Pesto from beet greens and spinach
Bartering, skill exchanging, and the gift economy may seem like modern, hippy-flavoured ideas to many in mainstream society, but this is the way humanity used to function before money was invented. Money is a symbol we use for the energy behind the fair exchange of human goods and services, but in many ways the energy is forgotten, and the symbol has become the reality for most of us. The management of the symbol we call money of course is big business, and human greed being what it is, the value of hard work and fair exchange is all but forgotten in the scramble for personal gain, and in the knock-on effects of the debt-slavery mind set the world has entered into. There is nothing inherently wrong with money – it is merely that we have allowed what began as a convenience to become a prison of sorts, where the energy that money symbolises is blocked from its natural flow.
In our family, we are always happy to exchange goods or services, as well as using the symbol of money. We recently visited Clearwater Gardens Farm, at the gateway to what is locally known as “The Promised Land”, an organic family-run farm in one of the most beautiful parts of this country. We arrived with fermented vegetables, two kinds of ginger/turmeric beer, and some fermented lemon barley water. We left with more vegetables than most of us see in one place at any time, and some jars of fermented vegetables. I will ferment the bulk of the produce, and when it is ready, we’ll share the finished product back with the farm, and with others. The photo above shows some of the vegetables, but not all of them.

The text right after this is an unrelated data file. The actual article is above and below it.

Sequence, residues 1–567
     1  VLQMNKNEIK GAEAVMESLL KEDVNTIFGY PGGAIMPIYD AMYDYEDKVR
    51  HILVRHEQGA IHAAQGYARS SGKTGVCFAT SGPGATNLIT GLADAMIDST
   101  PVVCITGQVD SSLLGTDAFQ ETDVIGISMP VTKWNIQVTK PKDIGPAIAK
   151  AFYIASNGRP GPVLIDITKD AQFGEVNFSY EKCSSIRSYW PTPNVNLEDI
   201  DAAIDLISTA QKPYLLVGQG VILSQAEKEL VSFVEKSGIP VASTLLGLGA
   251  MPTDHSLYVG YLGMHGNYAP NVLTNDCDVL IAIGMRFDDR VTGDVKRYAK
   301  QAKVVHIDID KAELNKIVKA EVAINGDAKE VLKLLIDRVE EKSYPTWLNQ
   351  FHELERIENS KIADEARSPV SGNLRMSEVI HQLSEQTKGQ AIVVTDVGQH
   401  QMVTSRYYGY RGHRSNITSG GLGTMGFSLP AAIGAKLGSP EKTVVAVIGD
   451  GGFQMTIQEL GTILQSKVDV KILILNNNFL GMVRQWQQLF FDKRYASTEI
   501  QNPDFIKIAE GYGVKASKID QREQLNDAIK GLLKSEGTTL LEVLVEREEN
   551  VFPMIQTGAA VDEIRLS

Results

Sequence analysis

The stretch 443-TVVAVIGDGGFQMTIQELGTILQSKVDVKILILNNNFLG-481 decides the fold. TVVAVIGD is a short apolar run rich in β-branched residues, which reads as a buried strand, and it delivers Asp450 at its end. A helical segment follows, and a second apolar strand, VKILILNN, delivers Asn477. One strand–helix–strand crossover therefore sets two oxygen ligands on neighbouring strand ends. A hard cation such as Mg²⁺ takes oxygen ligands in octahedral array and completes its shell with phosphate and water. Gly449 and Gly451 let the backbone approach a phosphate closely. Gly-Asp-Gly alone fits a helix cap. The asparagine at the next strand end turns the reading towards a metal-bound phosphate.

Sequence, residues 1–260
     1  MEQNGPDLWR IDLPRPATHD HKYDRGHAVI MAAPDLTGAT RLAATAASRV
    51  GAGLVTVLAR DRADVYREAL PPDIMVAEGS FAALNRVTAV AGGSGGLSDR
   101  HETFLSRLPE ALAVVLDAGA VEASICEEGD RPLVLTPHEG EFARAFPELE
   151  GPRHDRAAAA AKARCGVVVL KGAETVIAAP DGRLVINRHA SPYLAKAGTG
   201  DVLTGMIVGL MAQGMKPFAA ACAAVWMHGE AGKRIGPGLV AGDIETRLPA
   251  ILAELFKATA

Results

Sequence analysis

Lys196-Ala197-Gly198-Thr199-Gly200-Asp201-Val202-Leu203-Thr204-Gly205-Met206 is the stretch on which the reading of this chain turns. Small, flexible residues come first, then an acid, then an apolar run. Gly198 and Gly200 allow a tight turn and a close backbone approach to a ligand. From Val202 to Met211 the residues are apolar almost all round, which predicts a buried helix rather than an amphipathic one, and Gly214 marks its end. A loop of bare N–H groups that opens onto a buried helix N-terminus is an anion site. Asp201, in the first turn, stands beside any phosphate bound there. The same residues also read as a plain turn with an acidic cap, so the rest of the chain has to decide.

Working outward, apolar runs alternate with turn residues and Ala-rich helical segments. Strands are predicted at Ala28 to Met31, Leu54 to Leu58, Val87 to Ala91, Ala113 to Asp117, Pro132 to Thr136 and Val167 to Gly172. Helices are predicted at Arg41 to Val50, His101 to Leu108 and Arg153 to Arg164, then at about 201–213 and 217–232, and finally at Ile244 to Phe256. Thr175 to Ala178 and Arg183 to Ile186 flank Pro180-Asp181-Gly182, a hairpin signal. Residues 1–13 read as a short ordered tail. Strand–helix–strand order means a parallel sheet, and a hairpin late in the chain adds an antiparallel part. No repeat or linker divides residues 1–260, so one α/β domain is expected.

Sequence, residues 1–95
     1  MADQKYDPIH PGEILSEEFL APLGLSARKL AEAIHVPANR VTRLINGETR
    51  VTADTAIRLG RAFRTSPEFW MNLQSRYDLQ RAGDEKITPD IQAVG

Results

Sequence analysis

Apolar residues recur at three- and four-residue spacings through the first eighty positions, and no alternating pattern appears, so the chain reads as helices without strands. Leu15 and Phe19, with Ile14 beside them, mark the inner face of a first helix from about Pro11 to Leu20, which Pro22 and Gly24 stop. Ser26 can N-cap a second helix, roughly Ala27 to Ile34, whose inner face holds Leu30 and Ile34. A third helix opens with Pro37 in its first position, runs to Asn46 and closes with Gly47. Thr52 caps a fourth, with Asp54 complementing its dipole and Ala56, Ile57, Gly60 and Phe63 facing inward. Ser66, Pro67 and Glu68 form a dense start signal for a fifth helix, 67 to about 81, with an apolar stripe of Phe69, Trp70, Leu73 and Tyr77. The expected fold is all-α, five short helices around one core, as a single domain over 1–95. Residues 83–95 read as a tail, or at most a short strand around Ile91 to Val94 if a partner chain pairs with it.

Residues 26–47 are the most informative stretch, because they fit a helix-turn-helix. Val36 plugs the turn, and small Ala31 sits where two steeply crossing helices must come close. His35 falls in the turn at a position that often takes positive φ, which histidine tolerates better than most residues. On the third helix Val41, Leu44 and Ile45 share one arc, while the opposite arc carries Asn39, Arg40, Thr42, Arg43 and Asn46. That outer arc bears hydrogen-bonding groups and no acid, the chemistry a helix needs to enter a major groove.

We also like to use everything, out of respect for the earth, and it just seems like the right and sensible thing to do. Carrot tops and other greens went in for vegetable stocks for the freezer. Beetroot greens, and some spinach were earmarked for pesto. Which is why we are here - lets make pesto!
Beet green and spinach pesto
4 cups beetroot greens
2 cups of wilted spinach greens
4 – 6 garlic cloves, roasted
100 g pine nuts, roasted
50 g raw cashew nuts
150 gm parmesan cheese, grated
100 ml extra virgin olive oil
1 tsp salt (or to taste)
Fresh ground black pepper to taste
1 - 2 tbsp lemon juice
Wash the greens, and wilt the spinach. I had vegetable stock going on the stove, so I wilted mine in the stock pot. Roast the pine nuts and garlic in a tray in the oven on a medium heat until the skin will peel easily from the garlic, and the nuts are a very light brown. Add all the ingredients except the oil into a food processor, blend for a short time, them continue to blend as the oil is added slowly.
And that’s all there is to it.
Why do we wilt the spinach?
Spinach is high in oxalic acid, which may lead to kidney stones. Some research also indicates that spinach inhibits bodily uptake of iodine. Both of these issues are addressed by a brief wilting or par boiling of the leaves.
Freeze some, and enjoy the rest fresh within three days.
Magic is the Intelligence of Love